Ale -wort is the basic intermediate product for producing beer. It represents a polydisperse system with the presence of sweeteners, albumens and hop substances.
The most important technological process in producing wort is the conversion of insoluble components of hop and its substitutes (barley, wheat, rice, corn and other grains) into a soluble essence, as the result of enzymatic reactions.
Ale-wort preparation consists of five basic stages:
- grain preparation (cleaning, grading, grinding);
- conversion of extractive grain products (starch, protein etc.) into wort, as a result of mashing;
mash lautering (wort separation);
- boiling ale-wort and hops (hopping);
- wort clarification and cooling.
Grain products preparation
The basic components of malt extract include starch, other carbohydrates and proteins. Therefore, endosperm, that contains all the abovementioned substances, should be grinded as finely as possible. In the process of grinding, flour and fine grist are obtained from a brittle part of endosperm, and coarse grist (coarse grinding) is obtained from the part of a grain opposite to the corcule. As the result of grinding, the obtained malt or the mix of grinded malt and barley or other unmalted materials represents the mix of particles divided by external features into husk, coarse grist, fine grist and flour.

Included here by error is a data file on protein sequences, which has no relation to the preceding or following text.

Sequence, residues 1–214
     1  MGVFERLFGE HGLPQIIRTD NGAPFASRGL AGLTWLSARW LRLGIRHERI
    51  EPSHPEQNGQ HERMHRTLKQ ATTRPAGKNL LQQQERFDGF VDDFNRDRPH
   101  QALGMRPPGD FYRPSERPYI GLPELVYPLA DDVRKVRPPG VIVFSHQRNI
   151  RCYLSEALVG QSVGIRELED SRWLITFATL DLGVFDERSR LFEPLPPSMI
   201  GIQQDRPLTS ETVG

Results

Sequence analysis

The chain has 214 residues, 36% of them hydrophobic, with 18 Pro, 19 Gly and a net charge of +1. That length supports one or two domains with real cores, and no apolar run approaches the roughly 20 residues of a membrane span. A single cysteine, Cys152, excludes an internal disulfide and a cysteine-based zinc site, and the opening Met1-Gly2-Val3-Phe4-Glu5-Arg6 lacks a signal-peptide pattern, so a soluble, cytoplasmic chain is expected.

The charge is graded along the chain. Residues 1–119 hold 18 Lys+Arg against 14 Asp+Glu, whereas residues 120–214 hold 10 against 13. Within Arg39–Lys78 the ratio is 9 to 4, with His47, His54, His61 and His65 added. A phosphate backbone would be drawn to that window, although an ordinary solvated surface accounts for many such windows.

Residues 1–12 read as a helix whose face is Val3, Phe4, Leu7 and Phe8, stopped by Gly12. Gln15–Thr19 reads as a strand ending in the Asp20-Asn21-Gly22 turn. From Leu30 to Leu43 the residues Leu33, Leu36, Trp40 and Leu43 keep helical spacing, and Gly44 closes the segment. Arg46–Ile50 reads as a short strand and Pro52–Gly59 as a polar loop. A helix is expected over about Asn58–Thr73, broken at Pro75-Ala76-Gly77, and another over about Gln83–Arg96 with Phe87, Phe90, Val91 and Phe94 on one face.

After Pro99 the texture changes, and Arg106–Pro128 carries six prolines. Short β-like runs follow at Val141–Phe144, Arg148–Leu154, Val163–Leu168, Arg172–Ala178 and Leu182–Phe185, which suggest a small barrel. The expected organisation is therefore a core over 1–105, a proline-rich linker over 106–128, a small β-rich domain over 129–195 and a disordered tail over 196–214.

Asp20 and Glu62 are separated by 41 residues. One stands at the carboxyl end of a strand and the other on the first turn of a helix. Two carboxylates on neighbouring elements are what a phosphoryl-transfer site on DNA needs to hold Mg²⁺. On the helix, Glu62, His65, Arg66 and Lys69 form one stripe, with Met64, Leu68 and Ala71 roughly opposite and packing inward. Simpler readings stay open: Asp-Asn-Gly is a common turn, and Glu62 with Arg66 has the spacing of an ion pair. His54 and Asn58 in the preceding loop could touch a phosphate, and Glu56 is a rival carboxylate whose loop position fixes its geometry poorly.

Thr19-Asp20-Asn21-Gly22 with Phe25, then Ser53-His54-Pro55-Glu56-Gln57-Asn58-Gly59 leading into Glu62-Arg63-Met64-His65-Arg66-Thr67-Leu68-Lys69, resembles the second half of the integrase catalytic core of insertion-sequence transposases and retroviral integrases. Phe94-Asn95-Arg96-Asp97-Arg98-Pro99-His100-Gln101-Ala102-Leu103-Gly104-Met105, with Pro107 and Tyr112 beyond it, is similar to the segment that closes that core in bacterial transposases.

The dry mix of flour and fine grist, from which the extract is obtained, is easily split by enzymes in the process of mashing and then is completely converted into solution. The dry mix can not completely extract from the obtained coarse grist, while the water is hardy coming through. As the grist is slowly split by enzymes, insoluble extract converts into grains.
Lautering rate depends on the grinding quality (content of husks, coarse grist, fine grist, and flour), height of spent grain settlings and volume of grinded malt.
A technologically correct choice of malt and its substitutes along with malt grinding ensure high quality of wort and beer. High quality seasoned malt is the bulk of grain products that are present in mash.
Dust, organic and nonorganic impurities should be removed from malt and its substitutes before grinding. For this purpose, air-sieve separators with magnetic devices, flexible sieves and dusters are used.
Malt is wetted before grinding. That makes coating softer and it comes off a nucleus easily, forming optimal filter bed during mash lautering.